I was at Anzio. We did what we were ordered to do, didn’t know much about what was happening anywhere else. We stayed around our gun positions. At night we were harassed by the firing of the gun from enemy lines, known as “Anzio Annie”.
At the end of Anzio, they took C and D Battery, and they were sent to England.
Headquarters, A and B battery stayed behind and formed the 463rd. From there we went to Rome.
Part of us stayed at the Pope’s summer home in Lake Albano. Then we went to Lido de Roma.
We jumped into Southern France, in a town called Le Muy. We fought along the French Riviera (Nice, Cannes, and Antibes, and Mentone). We stayed up in the Alps. I remember it being very cold! I was probably in the battle for Jausiers but I don’t remember, because we were in battles where we did not know the names of the towns at the time.
At the time that we were en-route to Bastogne we just followed orders and most of the time we just did not know where we were. I remember us riding in the backs of trucks, and it was cold ! I recall that we stayed at our gun positions from the 19th of December and the battle didn’t end until about January 17th. We slept in foxholes and stayed with our guns. I never saw our Battalion CP nor our Aid Station, because I was always at my Gun Position. We slept in foxholes around our gun, there were about 12-14 men/gun in a gun crew.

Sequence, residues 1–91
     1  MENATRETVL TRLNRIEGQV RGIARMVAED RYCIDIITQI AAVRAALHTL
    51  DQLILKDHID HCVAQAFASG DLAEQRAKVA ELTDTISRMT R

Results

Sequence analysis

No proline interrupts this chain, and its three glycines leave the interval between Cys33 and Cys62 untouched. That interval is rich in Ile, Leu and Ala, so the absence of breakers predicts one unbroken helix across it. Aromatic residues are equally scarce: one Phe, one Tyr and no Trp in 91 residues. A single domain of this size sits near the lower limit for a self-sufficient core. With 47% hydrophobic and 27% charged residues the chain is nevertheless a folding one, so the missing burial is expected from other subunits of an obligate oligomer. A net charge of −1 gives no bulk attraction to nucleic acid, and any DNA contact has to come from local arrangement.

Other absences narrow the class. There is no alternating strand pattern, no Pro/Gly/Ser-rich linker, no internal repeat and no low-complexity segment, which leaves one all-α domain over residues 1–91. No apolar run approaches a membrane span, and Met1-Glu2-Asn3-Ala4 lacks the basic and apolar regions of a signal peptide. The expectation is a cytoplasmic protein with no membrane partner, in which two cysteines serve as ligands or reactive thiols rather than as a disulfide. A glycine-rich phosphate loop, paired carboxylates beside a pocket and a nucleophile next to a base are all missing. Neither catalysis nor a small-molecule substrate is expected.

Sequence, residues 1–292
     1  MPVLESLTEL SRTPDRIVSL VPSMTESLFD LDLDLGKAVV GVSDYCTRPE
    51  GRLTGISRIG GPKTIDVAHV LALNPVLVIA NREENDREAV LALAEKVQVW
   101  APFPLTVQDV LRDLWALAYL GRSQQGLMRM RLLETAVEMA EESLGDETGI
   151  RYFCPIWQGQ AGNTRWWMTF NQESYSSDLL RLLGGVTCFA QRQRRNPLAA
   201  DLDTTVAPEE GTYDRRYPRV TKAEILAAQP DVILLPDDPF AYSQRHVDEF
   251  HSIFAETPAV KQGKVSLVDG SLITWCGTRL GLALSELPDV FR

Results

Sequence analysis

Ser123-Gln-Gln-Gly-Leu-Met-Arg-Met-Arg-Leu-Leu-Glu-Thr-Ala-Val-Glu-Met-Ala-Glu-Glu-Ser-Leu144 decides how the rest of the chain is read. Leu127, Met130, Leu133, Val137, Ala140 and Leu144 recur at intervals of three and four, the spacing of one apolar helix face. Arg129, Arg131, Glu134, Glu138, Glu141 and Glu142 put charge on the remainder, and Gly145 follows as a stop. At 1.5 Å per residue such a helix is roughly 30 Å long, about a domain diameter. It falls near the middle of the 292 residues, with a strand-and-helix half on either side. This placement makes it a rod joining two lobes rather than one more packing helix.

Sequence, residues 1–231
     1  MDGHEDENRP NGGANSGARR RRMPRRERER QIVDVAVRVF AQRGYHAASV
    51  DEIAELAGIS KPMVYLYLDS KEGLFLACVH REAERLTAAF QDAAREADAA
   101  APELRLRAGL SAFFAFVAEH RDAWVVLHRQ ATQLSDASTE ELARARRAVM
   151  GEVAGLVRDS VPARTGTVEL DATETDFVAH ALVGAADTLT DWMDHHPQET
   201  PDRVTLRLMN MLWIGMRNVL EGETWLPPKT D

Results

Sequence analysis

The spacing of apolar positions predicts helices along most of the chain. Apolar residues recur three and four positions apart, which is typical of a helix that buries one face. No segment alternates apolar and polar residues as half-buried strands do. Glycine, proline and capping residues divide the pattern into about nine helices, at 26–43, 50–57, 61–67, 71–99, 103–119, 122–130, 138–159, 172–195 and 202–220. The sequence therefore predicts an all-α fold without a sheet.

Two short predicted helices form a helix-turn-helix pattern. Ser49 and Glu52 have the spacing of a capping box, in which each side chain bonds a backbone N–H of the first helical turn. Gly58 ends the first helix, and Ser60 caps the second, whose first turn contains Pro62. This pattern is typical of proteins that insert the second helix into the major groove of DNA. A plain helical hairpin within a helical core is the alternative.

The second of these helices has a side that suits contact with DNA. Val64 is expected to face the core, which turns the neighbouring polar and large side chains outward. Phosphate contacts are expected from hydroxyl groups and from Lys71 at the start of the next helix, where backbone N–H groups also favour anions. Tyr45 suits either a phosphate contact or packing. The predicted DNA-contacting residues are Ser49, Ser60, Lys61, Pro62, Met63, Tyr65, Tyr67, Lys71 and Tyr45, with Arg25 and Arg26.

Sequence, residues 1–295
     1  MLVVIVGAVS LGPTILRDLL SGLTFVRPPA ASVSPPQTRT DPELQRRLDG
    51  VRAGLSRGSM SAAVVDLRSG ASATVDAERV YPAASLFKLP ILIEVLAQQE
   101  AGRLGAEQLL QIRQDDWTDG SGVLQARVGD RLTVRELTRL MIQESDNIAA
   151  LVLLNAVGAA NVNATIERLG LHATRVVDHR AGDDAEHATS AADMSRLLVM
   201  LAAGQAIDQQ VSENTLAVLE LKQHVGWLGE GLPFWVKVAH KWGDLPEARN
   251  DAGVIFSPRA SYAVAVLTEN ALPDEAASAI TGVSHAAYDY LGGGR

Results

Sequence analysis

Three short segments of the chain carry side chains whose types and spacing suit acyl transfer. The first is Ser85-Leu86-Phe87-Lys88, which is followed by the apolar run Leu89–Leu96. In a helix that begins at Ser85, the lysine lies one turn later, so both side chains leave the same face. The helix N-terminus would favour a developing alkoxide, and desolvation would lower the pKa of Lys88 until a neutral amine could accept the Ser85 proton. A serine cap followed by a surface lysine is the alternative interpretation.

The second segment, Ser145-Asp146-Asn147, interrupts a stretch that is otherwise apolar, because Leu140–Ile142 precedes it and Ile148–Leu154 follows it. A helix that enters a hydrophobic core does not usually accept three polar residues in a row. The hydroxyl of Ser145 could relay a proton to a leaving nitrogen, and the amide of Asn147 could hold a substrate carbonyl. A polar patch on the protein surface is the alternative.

Once in awhile, I got to sleep in a building, but most of the time we slept in a sleeping bag in a foxhole. When you are young and tired, you sleep anywhere you have to. The food was rations and once in awhile, they brought us hot food.